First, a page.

Feeding wildlife the wrong foods can do them harm. Not doing it right with eyes closed tiny ones may kill them since they can aspirate, meaning the fluid has gone into their lungs. Should aspiration occur, treatment entails being put into an incubator on oxygen right away. And possibly antibiotics to fight infection. They can develop pneumonia which for a baby is very serious and life-threatening. 

 We admit babies all the time where people have fed them for a week then brought them to us because all of a sudden they aren’t doing well. They, unfortunately, don’t always make it which breaks our hearts.

We have special tubes for tube feeding the little ones and the proper sized nipples to make sure they don’t get too much formula at one time. It must be done correctly. Volunteers are trained to do this job. After all, we are here to help them and save them when they lose their moms. 

Relocation is not recommended. 

We have guidelines we must follow when we release wildlife. Relocation can put an animal into another’s territory, they could be hurt badly or worse, killed in another’s territory. They don’t know where they are or where their food, water and shelter are.

Animal proof your home. Now is the time to go over your homes, garages, and sheds. Check for a place where animals can gain access. And close it in. If unsure no one is inside, consider installing a one-way door. They can come out but can’t get back in. Do the door only in the late fall as there could still be babies or young earlier on. Very strange this year; we still have late little ones out there.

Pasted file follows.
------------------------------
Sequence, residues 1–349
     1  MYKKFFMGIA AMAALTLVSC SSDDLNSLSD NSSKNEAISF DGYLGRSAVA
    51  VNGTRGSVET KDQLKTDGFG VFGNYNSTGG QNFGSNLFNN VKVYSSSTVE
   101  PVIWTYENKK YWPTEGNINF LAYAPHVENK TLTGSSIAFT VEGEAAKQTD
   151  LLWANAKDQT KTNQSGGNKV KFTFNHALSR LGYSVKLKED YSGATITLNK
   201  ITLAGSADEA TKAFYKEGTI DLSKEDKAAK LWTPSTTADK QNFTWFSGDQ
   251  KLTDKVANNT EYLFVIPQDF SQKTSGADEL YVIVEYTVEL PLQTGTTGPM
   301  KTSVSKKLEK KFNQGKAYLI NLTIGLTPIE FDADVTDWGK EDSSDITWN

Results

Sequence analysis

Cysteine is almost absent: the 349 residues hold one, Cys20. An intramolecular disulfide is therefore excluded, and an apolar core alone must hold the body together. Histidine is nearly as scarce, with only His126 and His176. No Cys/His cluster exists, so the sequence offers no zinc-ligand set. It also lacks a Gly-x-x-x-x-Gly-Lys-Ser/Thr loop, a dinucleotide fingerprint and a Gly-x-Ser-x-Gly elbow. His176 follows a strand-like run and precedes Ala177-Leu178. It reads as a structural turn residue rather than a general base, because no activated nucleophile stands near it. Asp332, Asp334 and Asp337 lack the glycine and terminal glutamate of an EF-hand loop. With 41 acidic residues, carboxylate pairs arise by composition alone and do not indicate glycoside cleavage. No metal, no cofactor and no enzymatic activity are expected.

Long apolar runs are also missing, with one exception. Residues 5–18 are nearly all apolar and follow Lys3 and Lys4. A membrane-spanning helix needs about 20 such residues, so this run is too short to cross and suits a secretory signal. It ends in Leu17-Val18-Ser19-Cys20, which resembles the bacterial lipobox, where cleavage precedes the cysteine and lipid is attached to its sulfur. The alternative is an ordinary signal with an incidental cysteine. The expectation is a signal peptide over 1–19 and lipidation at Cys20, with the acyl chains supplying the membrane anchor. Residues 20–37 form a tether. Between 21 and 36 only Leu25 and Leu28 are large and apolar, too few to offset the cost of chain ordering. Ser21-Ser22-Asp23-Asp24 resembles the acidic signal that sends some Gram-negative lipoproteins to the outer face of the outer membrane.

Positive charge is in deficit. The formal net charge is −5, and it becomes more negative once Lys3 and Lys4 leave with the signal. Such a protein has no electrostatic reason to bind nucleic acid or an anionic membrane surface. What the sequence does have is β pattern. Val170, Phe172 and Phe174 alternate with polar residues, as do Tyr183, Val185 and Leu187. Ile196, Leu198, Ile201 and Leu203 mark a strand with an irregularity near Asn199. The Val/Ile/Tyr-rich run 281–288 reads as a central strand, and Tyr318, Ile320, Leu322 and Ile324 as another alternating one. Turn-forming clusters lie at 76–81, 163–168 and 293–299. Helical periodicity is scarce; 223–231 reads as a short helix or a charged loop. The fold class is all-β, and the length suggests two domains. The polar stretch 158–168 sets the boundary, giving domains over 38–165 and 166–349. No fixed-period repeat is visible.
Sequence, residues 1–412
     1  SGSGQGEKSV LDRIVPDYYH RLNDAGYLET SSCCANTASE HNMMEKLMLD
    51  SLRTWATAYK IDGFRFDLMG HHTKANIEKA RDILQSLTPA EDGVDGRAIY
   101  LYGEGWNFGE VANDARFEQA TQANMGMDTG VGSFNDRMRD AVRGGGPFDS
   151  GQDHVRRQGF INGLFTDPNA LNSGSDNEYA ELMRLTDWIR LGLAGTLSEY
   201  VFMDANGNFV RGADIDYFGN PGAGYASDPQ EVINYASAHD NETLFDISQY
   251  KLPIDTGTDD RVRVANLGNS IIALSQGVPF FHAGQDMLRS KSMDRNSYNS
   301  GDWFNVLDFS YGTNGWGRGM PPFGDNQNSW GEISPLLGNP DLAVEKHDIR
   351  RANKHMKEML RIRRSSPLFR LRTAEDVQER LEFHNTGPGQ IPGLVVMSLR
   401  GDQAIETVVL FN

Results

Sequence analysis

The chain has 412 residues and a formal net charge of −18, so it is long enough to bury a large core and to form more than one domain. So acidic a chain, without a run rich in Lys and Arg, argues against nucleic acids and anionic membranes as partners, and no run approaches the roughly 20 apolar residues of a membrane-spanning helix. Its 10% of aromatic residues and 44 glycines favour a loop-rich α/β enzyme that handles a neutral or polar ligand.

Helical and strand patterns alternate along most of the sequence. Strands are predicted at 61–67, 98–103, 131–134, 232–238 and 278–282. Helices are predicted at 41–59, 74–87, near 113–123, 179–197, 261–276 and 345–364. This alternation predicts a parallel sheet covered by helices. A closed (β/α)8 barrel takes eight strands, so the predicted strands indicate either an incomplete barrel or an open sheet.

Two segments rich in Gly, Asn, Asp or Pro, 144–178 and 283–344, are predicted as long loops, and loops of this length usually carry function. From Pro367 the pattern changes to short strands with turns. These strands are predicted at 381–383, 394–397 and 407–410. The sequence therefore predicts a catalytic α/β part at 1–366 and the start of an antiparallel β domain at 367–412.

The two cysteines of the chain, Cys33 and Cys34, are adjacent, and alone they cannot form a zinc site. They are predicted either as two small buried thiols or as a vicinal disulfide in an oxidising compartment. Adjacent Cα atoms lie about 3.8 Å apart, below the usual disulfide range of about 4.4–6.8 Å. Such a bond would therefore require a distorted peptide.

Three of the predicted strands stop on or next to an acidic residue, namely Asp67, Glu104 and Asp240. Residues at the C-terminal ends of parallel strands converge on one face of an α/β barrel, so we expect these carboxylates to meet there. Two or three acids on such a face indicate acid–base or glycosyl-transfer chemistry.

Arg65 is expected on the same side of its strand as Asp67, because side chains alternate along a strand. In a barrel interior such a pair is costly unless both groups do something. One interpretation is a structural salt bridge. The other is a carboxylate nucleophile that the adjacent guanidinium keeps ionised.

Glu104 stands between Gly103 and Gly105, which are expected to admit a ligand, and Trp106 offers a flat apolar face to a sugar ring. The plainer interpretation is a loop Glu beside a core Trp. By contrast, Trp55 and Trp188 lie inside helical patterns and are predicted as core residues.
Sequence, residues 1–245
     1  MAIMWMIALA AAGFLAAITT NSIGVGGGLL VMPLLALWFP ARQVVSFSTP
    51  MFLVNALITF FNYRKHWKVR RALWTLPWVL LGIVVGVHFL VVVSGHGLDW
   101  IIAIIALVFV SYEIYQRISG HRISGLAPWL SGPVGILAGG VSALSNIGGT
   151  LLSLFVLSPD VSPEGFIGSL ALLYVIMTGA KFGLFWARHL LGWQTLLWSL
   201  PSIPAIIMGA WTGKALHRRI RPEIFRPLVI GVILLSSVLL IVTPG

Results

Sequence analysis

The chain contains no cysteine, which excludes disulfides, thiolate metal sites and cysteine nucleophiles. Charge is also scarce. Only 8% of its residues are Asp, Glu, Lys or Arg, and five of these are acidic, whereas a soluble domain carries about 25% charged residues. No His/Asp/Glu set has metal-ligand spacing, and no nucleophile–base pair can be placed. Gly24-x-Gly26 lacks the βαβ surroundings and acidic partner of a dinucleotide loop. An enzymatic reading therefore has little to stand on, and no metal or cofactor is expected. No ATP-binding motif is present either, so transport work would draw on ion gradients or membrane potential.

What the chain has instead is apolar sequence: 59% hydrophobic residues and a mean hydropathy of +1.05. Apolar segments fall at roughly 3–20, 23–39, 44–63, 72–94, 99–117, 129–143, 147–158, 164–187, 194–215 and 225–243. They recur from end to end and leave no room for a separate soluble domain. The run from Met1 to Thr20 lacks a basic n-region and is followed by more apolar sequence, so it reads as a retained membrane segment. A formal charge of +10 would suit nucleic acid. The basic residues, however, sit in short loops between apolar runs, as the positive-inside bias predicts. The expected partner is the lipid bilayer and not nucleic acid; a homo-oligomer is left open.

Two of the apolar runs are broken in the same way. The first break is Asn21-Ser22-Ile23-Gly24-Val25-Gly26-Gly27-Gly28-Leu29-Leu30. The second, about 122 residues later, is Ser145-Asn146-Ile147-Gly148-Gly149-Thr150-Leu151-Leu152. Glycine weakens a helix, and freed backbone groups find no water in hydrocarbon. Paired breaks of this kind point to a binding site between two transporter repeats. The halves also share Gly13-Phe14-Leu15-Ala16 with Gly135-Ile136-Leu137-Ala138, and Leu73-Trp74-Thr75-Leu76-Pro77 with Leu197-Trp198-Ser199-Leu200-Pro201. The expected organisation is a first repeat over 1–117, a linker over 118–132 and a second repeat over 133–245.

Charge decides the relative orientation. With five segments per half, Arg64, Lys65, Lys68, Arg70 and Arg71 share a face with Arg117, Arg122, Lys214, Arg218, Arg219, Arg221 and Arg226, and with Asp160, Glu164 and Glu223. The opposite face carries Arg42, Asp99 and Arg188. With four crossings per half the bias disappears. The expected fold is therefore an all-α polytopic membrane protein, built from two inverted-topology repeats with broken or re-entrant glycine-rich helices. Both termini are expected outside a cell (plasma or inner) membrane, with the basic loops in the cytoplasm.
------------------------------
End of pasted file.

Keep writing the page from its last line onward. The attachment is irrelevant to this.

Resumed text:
The following are some reasons why we shouldn’t feed wildlife:

Angel wing in waterfowl species: 

Feeding bread. We all have done this not knowing of the danger to ducks, geese, swans. When I got into wildlife rehabilitation I found out how serious it is to feed bread to our feathered friends in the wild. Angel wing is a deformity of the wings caused by eating bread which is high in protein and carbohydrates. Not a part of their diet. This interferes with bone development and the wings form and turn outwards, they can not fly or swim. So please do not feed bread to any wildlife. When you think of it, bread isn’t exactly healthy for us either. This includes cereals too. Compost your foods, don’t give it to wildlife. 

Metabolic Bone Disease:

The opossum pictured here has deformed rear legs which is a sign of metabolic bone disease. Photo by Jennifer Howard.